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CD REVIEW: Colonies in the Wild Frontier by Spitzer Space Telescope

The second full length collection of songs from singer/songwriter and visual artist Dan MacDonald, working under the moniker Spitzer Space Telescope, isn’t an album. It’s an app for your phone. Colonies in the Wild Frontier features eight dazzling folk songs alongside a variety of videos featuring different performances of the base eight songs and assorted other videos focusing on different subjects and dramatizations to select from. Photos and other features are included with the app. It’s a virtuoso performance for the modern age that lays out a number of ambitious goals for itself and arguably meets them all, but the central reason behind its presentation is the desire to establish some new path going forward where musical artists can expand their canvas and find new ways of reaching their potential audience.

The base eight songs are outstanding performances in their own right. Everything else is just some pretty damn dazzling gravy. The first song, “99 Years Holler”, has many antecedents in American folk music history that will sound quite familiar to many listeners, but MacDonald’s performances and his lyrics own any style they touch. He blasts through the lyric, not without nuance, but with full control of his technique and burning emotion behind every line. “Corn Holler” comes from the same traditions in American folk music, but MacDonald uses a fiddle for accompaniment here instead of the clapping and foot stomping giving him a backbeat in “99 Years Holler”. There’s a harsher, shriller edge to this, a sense MacDonald is throwing himself headlong into the track and you can’t help but be impressed by his willingness to so fully embody the song’s character. He touches on another common theme in American folk music history with the song “Poor Soldier” and it has a lot of the same bluesy, despairing wail that defined the vocal on “99 Years Holler”.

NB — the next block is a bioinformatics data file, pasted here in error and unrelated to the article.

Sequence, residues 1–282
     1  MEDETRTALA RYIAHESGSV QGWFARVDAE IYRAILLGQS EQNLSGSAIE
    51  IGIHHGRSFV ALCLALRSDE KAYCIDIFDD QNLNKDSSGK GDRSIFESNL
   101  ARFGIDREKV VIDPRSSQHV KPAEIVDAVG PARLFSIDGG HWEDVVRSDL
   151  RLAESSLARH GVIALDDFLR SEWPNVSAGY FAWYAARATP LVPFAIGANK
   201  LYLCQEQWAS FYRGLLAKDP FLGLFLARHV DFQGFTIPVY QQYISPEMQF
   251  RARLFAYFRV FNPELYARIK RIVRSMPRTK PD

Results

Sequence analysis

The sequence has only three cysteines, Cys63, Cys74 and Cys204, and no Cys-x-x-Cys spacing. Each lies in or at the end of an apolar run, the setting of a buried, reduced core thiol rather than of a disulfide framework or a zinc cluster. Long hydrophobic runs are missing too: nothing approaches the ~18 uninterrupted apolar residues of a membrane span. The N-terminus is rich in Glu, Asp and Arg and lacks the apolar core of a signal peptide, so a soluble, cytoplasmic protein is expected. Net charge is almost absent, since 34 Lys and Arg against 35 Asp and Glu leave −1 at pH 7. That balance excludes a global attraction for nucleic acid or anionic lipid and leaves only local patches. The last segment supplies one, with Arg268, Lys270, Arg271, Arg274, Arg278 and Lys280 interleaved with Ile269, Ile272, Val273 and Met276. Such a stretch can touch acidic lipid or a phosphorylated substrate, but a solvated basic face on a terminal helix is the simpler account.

“In My Garden Grows a Mound” is one of the most beautifully wrought and darkest compositions on Colonies in the Wild Frontier. The roots of a song like this are decidedly not American and its poetic virtues are impossible to ignore. Its meter is outstanding, there’s specific imagery laden throughout the lyrics, and there’s an unity of movement through the narrative that’s capped off by the dramatizing power of his voice. It joins “Ballad of a Young Cursed Fool” as the finest songs on the album, but definitely the most intense. The latter songs share many of the same literary qualities, but MacDonald’s spine-chilling vocal will haunt your dreams. “Struggle & Strife” sounds like it draws from the Appalachian school of American folk and takes on the trials of being a woman for its subject matter, recalling folk standards like “The Wagoner’s Lad” in spirit. In whatever form it takes, this is a devastating collection of songs that draw from traditional sources while infusing them with MacDonald’s own distinctive touch. Spitzer Space Telescope has raised the bar for what a song collection can be and MacDonald has accomplished the feat with the most traditional music imaginable.

I-TUNES: https://itunes.apple.com/us/app/colonies-in-the-wild-frontier/id1078507117?mt=8

by Scott Wigley

About RJ Frometa

Head Honcho, Editor in Chief and writer here on VENTS. I don't like walking on the beach, but I love playing the guitar and geeking out about music. I am also a movie maniac and 6 hours sleeper.

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